United States v. Javier Reyes


PER CURIAM OPINION FILED - THE COURT: Lavenski R. Smith, C. Arlen Beam and Jane Kelly (UNPUBLISHED) [4443950] [15-3012]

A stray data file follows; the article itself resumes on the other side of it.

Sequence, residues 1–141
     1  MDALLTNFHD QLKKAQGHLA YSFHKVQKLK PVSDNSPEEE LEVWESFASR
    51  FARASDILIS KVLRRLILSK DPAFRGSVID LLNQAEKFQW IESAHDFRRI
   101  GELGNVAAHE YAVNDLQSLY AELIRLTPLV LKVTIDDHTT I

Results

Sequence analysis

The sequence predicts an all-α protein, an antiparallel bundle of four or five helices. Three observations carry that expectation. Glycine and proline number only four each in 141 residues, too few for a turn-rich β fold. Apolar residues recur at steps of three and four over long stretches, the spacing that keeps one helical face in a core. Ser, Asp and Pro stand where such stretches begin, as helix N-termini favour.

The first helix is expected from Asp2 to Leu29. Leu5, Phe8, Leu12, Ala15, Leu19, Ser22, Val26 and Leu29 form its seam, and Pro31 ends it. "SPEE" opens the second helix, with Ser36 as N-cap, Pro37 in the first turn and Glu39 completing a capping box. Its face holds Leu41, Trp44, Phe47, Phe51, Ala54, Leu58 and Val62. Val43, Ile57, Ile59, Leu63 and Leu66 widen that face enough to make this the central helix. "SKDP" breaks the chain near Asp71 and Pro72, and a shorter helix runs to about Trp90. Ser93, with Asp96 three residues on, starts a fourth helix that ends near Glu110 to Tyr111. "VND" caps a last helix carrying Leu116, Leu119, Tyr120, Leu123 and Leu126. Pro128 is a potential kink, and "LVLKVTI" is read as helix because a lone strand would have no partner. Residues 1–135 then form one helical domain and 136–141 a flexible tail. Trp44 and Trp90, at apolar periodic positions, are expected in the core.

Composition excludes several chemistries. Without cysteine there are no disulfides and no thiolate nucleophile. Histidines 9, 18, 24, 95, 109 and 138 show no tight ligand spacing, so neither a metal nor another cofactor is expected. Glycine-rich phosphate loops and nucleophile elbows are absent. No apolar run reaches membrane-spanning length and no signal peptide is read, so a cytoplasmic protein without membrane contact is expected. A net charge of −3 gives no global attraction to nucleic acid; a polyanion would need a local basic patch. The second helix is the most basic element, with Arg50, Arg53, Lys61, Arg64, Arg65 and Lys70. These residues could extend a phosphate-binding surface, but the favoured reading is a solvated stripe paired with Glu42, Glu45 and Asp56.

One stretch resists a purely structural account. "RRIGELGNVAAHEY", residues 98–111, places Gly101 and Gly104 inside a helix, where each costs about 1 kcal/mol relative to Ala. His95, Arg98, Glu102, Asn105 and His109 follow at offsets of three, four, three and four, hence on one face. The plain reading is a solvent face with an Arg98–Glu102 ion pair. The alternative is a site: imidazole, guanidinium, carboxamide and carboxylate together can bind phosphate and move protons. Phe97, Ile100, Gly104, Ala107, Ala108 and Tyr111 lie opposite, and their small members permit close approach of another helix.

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United States Court of Appeals For the Eighth Circuit ___________________________ No. 15-3012 ___________________________ United States of America lllllllllllllllllllll Plaintiff - Appellee v. Javier Reyes lllllllllllllllllllll Defendant - Appellant ____________ Appeal from United States District Court for the District of North Dakota - Fargo ____________ Submitted: May 31, 2016 Filed: September 1, 2016 [Unpublished] ____________ Before SMITH, BEAM, and KELLY, Circuit Judges. ____________ PER CURIAM. After Javier Reyes pleaded guilty to drug and firearms charges, the district court consulted the advisory sentencing guidelines and found that they recommended a prison term of 188 to 235 months. It sentenced him near the middle of that range to 204 months’ imprisonment followed by five years of supervised release. Appellate Case: 15-3012 Page: 1 Date Filed: 09/01/2016 Entry ID: 4443950 About nine years later, the United States Sentencing Commission promulgated Amendment 782, retroactively amending the guidelines to reduce sentences for a number of drug crimes. See USSG supp. app. C, amend. 782 (2014). In response, Reyes filed a motion in district court under 18 U.S.C. § 3582(c)(2), seeking the benefit of the amendment. He pointed out that under the amendment, his guidelines range would only have been 151 to 188 months, and requested a reduced sentence of 175 months. The government opposed the reduction on case-specific grounds without either endorsing or disputing Reyes’s calculation of his amended range. The district court denied his motion based on public safety considerations, finding that Reyes’s conduct, both before and after sentencing, “demonstrate[d] ongoing violent conduct and an inability to remain law-abiding.” Reyes claims the district court erred both procedurally, by not definitively stating that he was eligible for a sentence reduction and calculating his amended guidelines range, and substantively, by denying him the reduction he sought. Reyes is right that a district court considering a reduction under § 3582(c)(2) is required to follow a two-step approach by “first, determining whether a defendant is eligible for a sentence modification and the extent of the reduction authorized under § 3582, and second, considering any applicable [statutory factors listed in 18 U.S.C. § 3553(a)] and determining whether the reduction authorized in step one ‘is warranted in whole or in part under the particular circumstances of the case.’” United States v. Winston, 611 F.3d 919, 922 (8th Cir. 2010) (quoting Dillon v. United States, 560 U.S. 817, 827 (2010)). It is perhaps open to question whether the district court’s statement that Reyes “may be eligible for a sentence reduction” satisfied its duty to determine whether Reyes was eligible for such a reduction, but it is apparent that the district court never determined how Amendment 782 would have affected Reyes’s guidelines range, as required. See USSG § 1B1.10(b)(1) (providing that a court considering a § 3582(c)(2) motion “shall determine the amended guideline range that would have been applicable to the defendant if the amendment(s) to the guidelines . . . had been in effect at the time the defendant was sentenced”); United States v. Lewis, — F.3d. -2- Appellate Case: 15-3012 Page: 2 Date Filed: 09/01/2016 Entry ID: 4443950 —, 2016 WL 3568112, at *1 (8th Cir. Jul. 1, 2016). Even assuming a district court can be said to have implicitly satisfied step one whenever the parties agree on the amended guidelines range, this isn’t such a case: the government never affirmatively took a position before the district court on what the amended range was. Our decision in United States v. Wyatt, 115 F.3d 606 (8th Cir. 1997), is instructive. Although it was decided under a previous version of USSG § 1B1.10(b), which required the district court to determine the term of imprisonment it would have imposed at the initial sentencing had the guidelines amendments been in effect, see United States v. Curry, 584 F.3d 1102, 1104 (8th Cir. 2009), Wyatt stands for the proposition that the district court cannot skip over mandatory procedural requirements when deciding a § 3582(c)(2) motion, even where the final outcome might have been unchanged. See Wyatt, 115 F.3d at 609; cf. Gall v. United States, 552 U.S. 38, 51 (2007) (holding that “failing to calculate . . . the Guidelines range” during sentencing is “significant procedural error” despite the fact that the range is not binding). Like all procedural errors in sentencing, a failure to calculate the amended guidelines range does not require reversal if it was harmless. See Lewis, — F.3d. at —, 2016 WL 3568112, at *2. But it is the government’s burden to show that an error was harmless by demonstrating that it did not “substantially influence the outcome of the sentencing proceeding,” United States v. Henson, 550 F.3d 739, 741 (8th Cir. 2008), and the government gives little reason to suggest that this was such an error – indeed, the words “harmless error” appear nowhere in its brief. See United States v. Perry, 640 F.3d 805, 813 n.5 (8th Cir. 2011) (holding that the government’s failure to argue harmless error waives the issue). Even absent waiver, the evidence does not support harmless error. Without any indication either way as to what the district court would have done if it had followed the right procedural steps, we must presume that the error was not harmless. See United States v. Williams, 627 F.3d 324, 329 (8th Cir. 2010) (holding that “the procedural error was not harmless because . . . there is no clear indication on the record that the district court would have imposed the same -3- Appellate Case: 15-3012 Page: 3 Date Filed: 09/01/2016 Entry ID: 4443950 sentence [absent the error]” (quotation omitted)); United States v. Viezcas-Soto, 562 F.3d 903, 908 (8th Cir. 2009); United States v. Spikes, 543 F.3d 1021, 1026 (8th Cir. 2008). This case differs markedly from our decision in Lewis finding harmless a failure to determine the amended guidelines range: there, because the original sentence was nearly three times higher than the top of the guidelines range and Amendment 782 resulted only in a four-month decrease in the top of the range, it was plausible to suppose that the amendment would not have affected the defendant’s (drastically) above-guidelines sentence. See — F.3d at —, 2016 WL 3568112, at *2. Moreover, the sentencing court in that case, in denying the reduction, referred back to its reasons for originally imposing a non-guidelines sentence, leaving “no doubt the district court would have imposed the same sentence, and for the same reasons, regardless of any procedural error.” Id. (quoting United States v. Ortiz, 636 F.3d 389, 395 (8th Cir. 2011)). Here, by contrast, Reyes’s sentence was within the original guidelines range but not within the amended range, giving rise to the possibility that acknowledging the effect of Amendment 782 would have resulted in Reyes getting a reduced sentence. Cf. Molina-Martinez v. United States, 136 S. Ct. 1338, 1347–48 (2016) (holding that where the district court sentenced defendant to the bottom of what it thought to be the guidelines range there was a reasonable probability that it would have imposed a different sentence if it had known the guidelines range was actually lower). We recognize that the district court may well have been aware of the amended guidelines range, and simply felt it unnecessary to state what it believed to be the obvious. And we acknowledge that a remand to reconsider a sentencing issue is “not costless,” though it “does not invoke the same difficulties as a remand for retrial does.” Id. at 1348–49 (quoting United States v. Wernick, 691 F.3d 108, 117–18 (2d Cir. 2012)). But in this case we must reverse the denial of Reyes’s motion and -4- Appellate Case: 15-3012 Page: 4 Date Filed: 09/01/2016 Entry ID: 4443950 remand. To do otherwise would be to read out of the sentencing guidelines the requirement that the district court calculate the defendant’s amended guidelines range. Reversed and remanded. ______________________________ -5- Appellate Case: 15-3012 Page: 5 Date Filed: 09/01/2016 Entry ID: 4443950